Deficient rainfall, lower sowing may push up rice price and inflation

Chennai (IANS) Deficient rainfall, lower sowing and reservoir levels do not bode well for the Indian farm sector and inflation, said Motilal Oswal Financial Services in a report.

Deficient rainfall and consequently lower rice sowing will push rice prices higher. Rising global rice prices would further push local prices up. Rice constitutes around 4.4 per cent of the overall consumer price index (CPI) basket.

As of June 22, water reservoir levels stood at about 26 per cent of its live storage capacity, the lowest in four years mainly led by lower storage in the southern region of the country, the report said.

The cumulative rainfall until June 24 has been 30 per cent below normal compared with 4 per cent below normal last year. Delay in Monsoon can be attributed to cyclone Biparjoy, which has adversely affected the progress of rains, said Motilal Oswal.

Apart from the Northwest (27 per cent above normal) Monsoon, all other regions have witnessed below normal rainfall.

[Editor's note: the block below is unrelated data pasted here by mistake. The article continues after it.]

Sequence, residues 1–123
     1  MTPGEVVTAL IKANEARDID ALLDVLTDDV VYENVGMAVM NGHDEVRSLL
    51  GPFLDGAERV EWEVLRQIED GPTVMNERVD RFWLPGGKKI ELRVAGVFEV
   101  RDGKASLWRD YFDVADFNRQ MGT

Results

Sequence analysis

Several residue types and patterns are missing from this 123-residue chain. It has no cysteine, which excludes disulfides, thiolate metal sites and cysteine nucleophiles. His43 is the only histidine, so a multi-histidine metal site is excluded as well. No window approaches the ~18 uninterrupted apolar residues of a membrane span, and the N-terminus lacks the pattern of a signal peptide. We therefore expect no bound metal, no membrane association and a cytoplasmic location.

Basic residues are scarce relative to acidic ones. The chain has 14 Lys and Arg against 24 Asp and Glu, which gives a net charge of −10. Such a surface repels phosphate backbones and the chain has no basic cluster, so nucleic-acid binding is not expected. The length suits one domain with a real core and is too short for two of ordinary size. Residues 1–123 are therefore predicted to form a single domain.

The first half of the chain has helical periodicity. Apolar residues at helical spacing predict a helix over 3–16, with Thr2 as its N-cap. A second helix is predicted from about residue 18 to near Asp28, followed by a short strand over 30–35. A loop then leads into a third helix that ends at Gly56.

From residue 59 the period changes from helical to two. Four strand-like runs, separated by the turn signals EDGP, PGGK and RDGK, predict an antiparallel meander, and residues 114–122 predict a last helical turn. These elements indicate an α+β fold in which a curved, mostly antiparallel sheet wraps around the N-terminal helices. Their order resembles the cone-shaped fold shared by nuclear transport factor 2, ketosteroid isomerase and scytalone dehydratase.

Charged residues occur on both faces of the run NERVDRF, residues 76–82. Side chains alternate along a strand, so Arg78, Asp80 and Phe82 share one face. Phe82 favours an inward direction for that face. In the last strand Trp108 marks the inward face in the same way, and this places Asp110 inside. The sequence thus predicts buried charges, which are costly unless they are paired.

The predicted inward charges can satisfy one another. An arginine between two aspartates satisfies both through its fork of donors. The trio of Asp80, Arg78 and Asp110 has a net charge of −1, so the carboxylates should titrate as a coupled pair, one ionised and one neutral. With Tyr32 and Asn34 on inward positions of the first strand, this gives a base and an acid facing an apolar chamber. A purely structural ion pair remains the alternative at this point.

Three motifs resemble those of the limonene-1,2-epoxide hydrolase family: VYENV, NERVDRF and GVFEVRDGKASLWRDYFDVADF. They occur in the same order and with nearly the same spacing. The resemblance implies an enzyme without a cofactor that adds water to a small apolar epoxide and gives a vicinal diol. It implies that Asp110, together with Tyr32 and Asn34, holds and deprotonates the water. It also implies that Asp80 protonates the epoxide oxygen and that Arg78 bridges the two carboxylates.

Southern peninsula (51 per cent below normal) and Central India (51 per cent below normal) have seen the maximum deviation from normal followed by Eastern and Northeastern regions (19 per cent below normal) of the country, the company said.

The Indian Meteorological Department (IMD) expects the upcoming Monsoon to be normal (96 per cent of long period average- LPA with an error margin of +/-4 per cent) in its second long-range forecast for the four-month period from June 2023 to September 2023.

However, IMD forecasted average June rainfall to be below normal (less than 92 per cent of the LPA). Therefore, the Monsoon is likely to pick up in the coming months.

According to Motilal Oswal, as of June 23, Kharif sowing was about 4.5 per cent less than last year mainly led by rice (minus 36 per cent YoY), cotton (minus 14.2 per cdnt YoY), Jute and Mesta (minus 12.2 per cent YoY) as well as oilseeds (minus 3.3 per cent YoY).

Deficient Monsoon in major rice producing states (with 61 per cent share) such as West Bengal (28 per cent below normal), Uttar Pradesh (52 per cent below normal), Andhra Pradesh (38 per cent below normal), Odisha (54 per cent below normal), Telangana (64 per cent below normal), Chattisgarh (70 per cent below normal), Haryana (31 per cent below normal) and Madhya Pradesh (53 per cent below normal) has hurt rice sowing.

States with higher irrigation cover such as Uttar Pradesh, Andhra Pradesh, Telangana and Haryana will be less impacted though.

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